Liability In Birth Injury Cases
If your child was born with some kind of preventable birth injury that was caused by a medical professional’s negligence, you may be looking to file a lawsuit for damages. But figuring out whom to sue or, more importantly, who will pay if you are successful, can be a rather difficult topic. In general, there are three different parities who could be held liable: the hospital, the doctor and the pharmaceutical company.
Who Can be Held Liable for a Birth Injury?
More often than not, the hospital itself will be held responsible in the event of a preventable birth injury. If the institution did not hire professionals qualified enough to handle a difficult birth and, therefore, you are injured, the institution itself would be liable under the doctrine of “corporate negligence.” This doctrine may also apply if the nursing staff was overloaded, causing mistreatment of a patient. If you have a private physician, and the hospital staff ignores their instruction — or follows it even though it would clearly cause harm — a medical malpractice suit may follow.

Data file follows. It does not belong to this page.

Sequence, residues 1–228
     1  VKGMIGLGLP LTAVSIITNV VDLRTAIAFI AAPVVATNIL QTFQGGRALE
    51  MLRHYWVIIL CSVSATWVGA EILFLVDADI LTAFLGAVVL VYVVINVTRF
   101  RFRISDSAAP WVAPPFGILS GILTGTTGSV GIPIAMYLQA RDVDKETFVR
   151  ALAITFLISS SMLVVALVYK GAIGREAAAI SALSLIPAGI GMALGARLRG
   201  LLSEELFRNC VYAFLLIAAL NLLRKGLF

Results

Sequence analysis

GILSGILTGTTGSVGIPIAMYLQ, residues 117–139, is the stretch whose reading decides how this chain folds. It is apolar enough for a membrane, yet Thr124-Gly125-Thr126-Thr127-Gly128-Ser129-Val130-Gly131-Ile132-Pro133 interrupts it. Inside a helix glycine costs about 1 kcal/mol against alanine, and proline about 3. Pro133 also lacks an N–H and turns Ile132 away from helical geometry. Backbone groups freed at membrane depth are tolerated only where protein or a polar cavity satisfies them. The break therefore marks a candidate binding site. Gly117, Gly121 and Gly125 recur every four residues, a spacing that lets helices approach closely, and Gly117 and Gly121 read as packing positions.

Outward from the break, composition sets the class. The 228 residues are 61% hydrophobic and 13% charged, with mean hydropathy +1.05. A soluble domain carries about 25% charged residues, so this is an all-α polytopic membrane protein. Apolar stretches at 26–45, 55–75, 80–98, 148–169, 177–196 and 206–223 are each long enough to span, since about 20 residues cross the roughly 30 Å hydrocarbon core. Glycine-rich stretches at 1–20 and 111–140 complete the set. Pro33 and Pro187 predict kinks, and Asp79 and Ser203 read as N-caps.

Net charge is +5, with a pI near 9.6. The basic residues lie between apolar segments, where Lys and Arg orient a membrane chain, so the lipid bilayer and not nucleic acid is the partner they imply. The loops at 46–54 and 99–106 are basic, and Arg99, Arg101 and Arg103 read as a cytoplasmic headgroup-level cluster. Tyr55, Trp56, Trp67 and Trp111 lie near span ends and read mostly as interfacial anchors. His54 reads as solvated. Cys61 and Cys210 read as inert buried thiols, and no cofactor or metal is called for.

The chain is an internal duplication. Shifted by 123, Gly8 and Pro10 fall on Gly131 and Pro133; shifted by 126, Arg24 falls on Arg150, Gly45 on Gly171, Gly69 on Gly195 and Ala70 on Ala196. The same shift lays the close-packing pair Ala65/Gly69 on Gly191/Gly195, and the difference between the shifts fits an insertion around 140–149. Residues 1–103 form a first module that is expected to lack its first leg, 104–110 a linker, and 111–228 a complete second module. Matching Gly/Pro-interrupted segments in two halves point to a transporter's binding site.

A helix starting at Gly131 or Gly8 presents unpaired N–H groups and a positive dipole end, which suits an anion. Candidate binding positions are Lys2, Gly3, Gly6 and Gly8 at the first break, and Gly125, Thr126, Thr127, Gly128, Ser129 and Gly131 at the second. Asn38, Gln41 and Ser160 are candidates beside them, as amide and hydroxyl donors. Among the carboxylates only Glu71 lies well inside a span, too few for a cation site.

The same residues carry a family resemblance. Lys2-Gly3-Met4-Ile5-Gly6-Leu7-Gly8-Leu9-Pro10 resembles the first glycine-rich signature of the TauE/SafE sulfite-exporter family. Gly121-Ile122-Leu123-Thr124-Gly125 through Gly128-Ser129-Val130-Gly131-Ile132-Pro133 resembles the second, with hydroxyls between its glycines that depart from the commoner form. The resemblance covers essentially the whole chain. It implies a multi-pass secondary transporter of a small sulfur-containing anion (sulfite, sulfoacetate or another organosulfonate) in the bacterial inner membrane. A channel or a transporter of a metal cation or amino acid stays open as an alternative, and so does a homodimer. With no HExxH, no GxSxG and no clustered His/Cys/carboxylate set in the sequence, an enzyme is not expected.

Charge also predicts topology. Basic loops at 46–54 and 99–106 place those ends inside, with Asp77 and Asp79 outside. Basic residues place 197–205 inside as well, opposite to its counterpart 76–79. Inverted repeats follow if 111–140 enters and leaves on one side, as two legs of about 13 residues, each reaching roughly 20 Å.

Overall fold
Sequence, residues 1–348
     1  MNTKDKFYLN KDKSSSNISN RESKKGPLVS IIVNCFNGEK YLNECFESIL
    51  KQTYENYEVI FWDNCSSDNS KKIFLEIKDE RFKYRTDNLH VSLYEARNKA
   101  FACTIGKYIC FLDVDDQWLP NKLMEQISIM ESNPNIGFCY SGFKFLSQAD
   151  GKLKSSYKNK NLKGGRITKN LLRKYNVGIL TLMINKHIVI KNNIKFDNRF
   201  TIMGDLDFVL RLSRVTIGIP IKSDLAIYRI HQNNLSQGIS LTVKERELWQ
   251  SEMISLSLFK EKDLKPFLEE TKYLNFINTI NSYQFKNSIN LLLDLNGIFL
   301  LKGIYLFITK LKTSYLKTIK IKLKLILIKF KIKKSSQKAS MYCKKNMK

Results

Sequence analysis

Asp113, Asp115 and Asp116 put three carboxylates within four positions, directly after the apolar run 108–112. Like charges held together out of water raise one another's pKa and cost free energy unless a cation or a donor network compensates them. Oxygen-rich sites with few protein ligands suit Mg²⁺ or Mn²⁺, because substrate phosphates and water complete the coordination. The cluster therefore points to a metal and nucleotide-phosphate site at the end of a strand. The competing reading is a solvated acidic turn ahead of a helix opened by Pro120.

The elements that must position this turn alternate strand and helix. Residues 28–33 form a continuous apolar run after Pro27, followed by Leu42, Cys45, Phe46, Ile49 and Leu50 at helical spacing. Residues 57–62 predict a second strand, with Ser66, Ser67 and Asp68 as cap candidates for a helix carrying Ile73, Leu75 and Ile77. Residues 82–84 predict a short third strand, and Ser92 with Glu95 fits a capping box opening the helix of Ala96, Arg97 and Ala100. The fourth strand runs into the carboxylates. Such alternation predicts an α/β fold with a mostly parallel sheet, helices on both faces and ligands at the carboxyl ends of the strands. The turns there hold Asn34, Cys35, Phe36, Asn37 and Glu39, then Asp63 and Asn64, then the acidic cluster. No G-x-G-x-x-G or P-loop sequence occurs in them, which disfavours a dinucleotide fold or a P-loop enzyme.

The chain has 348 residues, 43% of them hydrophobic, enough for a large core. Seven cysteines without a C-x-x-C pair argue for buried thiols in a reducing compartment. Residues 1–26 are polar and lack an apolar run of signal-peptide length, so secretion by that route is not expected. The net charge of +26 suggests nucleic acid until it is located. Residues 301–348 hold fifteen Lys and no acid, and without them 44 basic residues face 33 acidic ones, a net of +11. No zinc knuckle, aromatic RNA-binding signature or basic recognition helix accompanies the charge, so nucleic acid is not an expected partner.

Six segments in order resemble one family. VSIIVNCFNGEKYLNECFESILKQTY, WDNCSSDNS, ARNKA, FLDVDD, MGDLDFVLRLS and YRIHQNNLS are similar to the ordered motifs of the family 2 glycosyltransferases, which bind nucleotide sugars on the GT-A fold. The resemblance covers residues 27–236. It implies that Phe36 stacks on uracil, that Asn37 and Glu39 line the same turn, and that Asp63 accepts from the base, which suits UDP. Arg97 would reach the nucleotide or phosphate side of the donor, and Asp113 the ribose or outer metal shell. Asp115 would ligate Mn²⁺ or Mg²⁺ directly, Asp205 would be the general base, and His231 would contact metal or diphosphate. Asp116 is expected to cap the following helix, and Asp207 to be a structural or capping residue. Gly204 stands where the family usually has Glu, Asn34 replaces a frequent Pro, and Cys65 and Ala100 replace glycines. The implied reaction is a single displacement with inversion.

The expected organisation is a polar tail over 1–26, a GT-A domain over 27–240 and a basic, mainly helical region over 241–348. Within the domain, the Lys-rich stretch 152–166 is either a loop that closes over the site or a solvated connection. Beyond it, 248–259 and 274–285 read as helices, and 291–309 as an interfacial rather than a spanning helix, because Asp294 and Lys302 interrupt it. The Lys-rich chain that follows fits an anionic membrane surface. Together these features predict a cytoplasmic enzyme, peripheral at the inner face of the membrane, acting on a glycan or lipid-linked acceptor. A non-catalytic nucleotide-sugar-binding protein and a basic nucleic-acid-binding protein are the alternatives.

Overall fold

The doctor themselves may be held liable in some cases. Most of the time, this applies to professionals who are not technically employed full-time by the hospital, but rather work as contractors. But, if the institution does not properly vet the contractor’s credentials, they could still be held responsible for allowing that doctor access to patients.
Finally, pharmaceutical companies may be held liable if their drug causes a birth injury. This is most often the case if they did not give warning to your doctor about the side effects of the drug. As long as the dangers of the medicine have been made clear, liability will likely fall to the doctor or hospital.
This is a heavily truncated look at this form of liability, and therefore does not cover every detail. If your child was born with a preventable birth injury in Connecticut, it may be beneficial to speak with a medical malpractice law attorney to discuss your unique situation in detail.